Flexibility – A practice both on and off the mat. In Amara Vidya, we learn to approach improved range of motion and more open-chain kinetic practices AFTER we have built stability and strength. That the goal in any physical aspect of yoga is not to strain, but to challenge with a careful applied effort. We respect appropriate Range of Motion, and everyone’s natural ability or adaptive ability is OK.
Precision – A deliberate act of focus in thoughts, words and action. When communicating, to recognize that there is different meaning in the words we use. Intent is key, and striving to impart your intent clearly is the goal. One thing we here at the school stress is the understanding of “filters” or “lenses”. These are both impediments and opportunities for insight, depending on how and when they are applied.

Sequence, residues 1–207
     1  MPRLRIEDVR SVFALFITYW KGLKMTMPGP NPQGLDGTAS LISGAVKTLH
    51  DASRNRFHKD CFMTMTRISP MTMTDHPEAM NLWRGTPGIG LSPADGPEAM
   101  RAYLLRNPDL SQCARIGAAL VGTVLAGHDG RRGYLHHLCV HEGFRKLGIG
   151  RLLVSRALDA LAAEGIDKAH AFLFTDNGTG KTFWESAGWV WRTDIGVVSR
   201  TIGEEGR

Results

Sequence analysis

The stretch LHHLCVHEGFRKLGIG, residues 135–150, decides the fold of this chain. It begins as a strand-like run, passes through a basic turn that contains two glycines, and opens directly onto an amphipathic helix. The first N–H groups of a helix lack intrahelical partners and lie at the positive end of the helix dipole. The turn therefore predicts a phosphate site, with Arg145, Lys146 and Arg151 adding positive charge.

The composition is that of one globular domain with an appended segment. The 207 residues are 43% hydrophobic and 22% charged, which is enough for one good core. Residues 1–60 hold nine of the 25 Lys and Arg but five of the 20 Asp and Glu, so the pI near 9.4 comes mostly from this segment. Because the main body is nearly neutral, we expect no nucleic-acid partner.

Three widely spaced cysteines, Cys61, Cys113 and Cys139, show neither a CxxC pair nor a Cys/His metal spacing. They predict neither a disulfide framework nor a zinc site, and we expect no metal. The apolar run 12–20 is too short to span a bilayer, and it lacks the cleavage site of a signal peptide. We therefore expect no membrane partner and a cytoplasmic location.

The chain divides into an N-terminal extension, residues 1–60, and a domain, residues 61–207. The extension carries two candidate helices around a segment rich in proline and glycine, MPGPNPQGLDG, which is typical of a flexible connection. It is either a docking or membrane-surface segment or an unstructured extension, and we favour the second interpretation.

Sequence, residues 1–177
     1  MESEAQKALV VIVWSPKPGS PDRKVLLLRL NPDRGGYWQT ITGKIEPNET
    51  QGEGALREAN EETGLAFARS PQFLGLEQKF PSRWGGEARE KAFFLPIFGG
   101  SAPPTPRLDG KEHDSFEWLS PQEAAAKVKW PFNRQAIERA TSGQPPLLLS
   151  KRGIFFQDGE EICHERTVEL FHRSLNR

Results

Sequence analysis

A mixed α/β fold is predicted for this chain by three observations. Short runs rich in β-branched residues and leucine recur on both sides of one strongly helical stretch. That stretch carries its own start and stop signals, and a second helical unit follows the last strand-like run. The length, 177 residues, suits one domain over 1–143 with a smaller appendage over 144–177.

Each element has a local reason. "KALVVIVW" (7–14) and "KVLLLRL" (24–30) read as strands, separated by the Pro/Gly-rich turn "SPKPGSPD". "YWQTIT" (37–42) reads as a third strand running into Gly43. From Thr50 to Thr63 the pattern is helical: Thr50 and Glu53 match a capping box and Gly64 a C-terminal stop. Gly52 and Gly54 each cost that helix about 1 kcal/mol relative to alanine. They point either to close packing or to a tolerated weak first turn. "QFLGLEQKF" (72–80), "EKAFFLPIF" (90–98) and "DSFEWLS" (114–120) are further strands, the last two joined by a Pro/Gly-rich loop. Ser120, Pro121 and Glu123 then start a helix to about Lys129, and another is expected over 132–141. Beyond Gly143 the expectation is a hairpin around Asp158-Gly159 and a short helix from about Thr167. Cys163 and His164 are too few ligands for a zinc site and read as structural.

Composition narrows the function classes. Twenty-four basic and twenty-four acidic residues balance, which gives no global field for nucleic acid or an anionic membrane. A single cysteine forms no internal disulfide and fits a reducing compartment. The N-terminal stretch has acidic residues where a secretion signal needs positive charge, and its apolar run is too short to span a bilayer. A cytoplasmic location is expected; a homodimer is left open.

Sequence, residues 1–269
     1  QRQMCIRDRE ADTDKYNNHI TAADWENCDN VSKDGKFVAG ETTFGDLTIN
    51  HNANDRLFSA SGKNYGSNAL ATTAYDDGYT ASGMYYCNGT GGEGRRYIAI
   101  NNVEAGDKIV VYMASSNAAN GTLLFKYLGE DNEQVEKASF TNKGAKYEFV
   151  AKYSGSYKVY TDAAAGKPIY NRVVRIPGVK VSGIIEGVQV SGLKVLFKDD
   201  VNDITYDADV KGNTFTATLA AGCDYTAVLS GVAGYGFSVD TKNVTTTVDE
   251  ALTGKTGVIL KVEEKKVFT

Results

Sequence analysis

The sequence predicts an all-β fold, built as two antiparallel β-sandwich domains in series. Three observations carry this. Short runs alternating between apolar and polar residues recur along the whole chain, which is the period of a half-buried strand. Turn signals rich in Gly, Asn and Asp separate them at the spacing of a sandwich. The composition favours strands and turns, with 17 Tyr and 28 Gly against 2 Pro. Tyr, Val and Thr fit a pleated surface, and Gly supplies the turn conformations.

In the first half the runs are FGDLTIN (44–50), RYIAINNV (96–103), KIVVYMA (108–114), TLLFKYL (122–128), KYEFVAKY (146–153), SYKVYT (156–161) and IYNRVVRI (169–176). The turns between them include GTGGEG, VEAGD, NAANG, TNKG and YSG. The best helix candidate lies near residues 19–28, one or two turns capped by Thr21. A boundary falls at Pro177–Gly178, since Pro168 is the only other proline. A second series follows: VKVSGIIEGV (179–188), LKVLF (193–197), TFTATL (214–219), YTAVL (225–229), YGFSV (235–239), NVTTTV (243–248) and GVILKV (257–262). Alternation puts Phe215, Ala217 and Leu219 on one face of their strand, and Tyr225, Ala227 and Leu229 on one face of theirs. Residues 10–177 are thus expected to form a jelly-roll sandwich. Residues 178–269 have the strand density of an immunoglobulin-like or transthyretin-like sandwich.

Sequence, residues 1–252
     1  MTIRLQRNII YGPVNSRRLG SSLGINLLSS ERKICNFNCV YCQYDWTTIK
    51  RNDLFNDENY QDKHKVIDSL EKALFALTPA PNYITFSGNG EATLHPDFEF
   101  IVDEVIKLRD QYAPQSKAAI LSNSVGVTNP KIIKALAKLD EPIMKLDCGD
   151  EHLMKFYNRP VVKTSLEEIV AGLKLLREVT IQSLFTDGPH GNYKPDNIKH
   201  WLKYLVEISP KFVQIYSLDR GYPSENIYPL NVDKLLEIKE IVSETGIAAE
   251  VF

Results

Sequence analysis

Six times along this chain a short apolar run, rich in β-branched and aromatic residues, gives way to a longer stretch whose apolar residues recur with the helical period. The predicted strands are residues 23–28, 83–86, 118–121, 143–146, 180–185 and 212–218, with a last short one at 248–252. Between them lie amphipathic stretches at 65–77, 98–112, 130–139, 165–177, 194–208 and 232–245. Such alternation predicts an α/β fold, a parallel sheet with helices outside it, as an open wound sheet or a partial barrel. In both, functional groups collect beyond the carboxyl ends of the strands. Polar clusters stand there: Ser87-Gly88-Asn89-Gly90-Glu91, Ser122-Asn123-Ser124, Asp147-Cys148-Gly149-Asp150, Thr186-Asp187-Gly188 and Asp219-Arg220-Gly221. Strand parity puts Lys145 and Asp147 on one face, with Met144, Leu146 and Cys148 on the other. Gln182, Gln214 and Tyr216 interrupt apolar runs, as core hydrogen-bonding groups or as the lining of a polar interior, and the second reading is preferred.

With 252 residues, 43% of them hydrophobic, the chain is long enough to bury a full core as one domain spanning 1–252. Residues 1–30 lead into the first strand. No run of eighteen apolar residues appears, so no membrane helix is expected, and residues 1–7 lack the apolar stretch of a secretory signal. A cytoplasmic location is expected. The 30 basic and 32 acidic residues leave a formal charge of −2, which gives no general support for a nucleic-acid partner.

Diversity – Different from the Pillar, we appreciate diversity of approach. This is about respecting new research, respecting others in their unique application, and being open to respect of cultural diversity. Acceptance of who you are and your background is a part of your journey, there is no need to adopt another person’s cultural identity or religion in order to practice yoga. That said, sometimes going deeper into learning the roots of Indian culture and practices can resonate with someone on a genuine and authentic level. It’s important that an appreciation for the “salsa” the mix that adds flavor and spice to life remains a part of your personal journey. To recognize that life is more like water, and that harmony is achieved through recognition that different things, ideas, even people will add to how you balance your life and your practice. Respecting that other people may find value in something you do not is a way to promote diversity.
Metta – A Buddhist concept meaning “Loving Kindness”. It is not passive but rather an active process. Just as kindness is an active form of compassion, to use metta is a form of service performed with a loving/nurturing attitude. Metta was used as a concept in Thai Massage by monks who gave back to the community that supported them.